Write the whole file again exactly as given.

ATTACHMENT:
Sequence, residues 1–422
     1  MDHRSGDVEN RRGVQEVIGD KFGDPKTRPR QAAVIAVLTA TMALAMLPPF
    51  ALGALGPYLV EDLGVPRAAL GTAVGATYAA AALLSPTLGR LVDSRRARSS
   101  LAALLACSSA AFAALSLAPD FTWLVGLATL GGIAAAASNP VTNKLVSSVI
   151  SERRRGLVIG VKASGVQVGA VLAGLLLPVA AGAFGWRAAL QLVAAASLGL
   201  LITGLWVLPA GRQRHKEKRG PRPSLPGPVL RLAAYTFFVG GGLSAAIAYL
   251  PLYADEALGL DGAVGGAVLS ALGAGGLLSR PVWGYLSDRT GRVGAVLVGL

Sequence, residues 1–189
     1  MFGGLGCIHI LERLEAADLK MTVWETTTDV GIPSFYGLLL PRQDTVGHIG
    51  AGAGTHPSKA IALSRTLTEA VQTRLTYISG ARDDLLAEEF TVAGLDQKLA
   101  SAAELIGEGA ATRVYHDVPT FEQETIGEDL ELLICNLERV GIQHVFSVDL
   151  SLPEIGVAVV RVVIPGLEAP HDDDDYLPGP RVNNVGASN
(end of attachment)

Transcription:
Sequence, residues 1–422
     1  MDHRSGDVEN RRGVQEVIGD KFGDPKTRPR QAAVIAVLTA TMALAMLPPF
    51  ALGALGPYLV EDLGVPRAAL GTAVGATYAA AALLSPTLGR LVDSRRARSS
   101  LAALLACSSA AFAALSLAPD FTWLVGLATL GGIAAAASNP VTNKLVSSVI
   151  SERRRGLVIG VKASGVQVGA VLAGLLLPVA AGAFGWRAAL QLVAAASLGL
   201  LITGLWVLPA GRQRHKEKRG PRPSLPGPVL RLAAYTFFVG GGLSAAIAYL
   251  PLYADEALGL DGAVGGAVLS ALGAGGLLSR PVWGYLSDRT GRVGAVLVGL

Sequence, residues 1–189
     1  MFGGLGCIHI LERLEAADLK MTVWETTTDV GIPSFYGLLL PRQDTVGHIG
    51  AGAGTHPSKA IALSRTLTEA VQTRLTYISG ARDDLLAEEF TVAGLDQKLA
   101  SAAELIGEGA ATRVYHDVPT FEQETIGEDL ELLICNLERV GIQHVFSVDL
   151  SLPEIGVAVV RVVIPGLEAP HDDDDYLPGP RVNNVGASN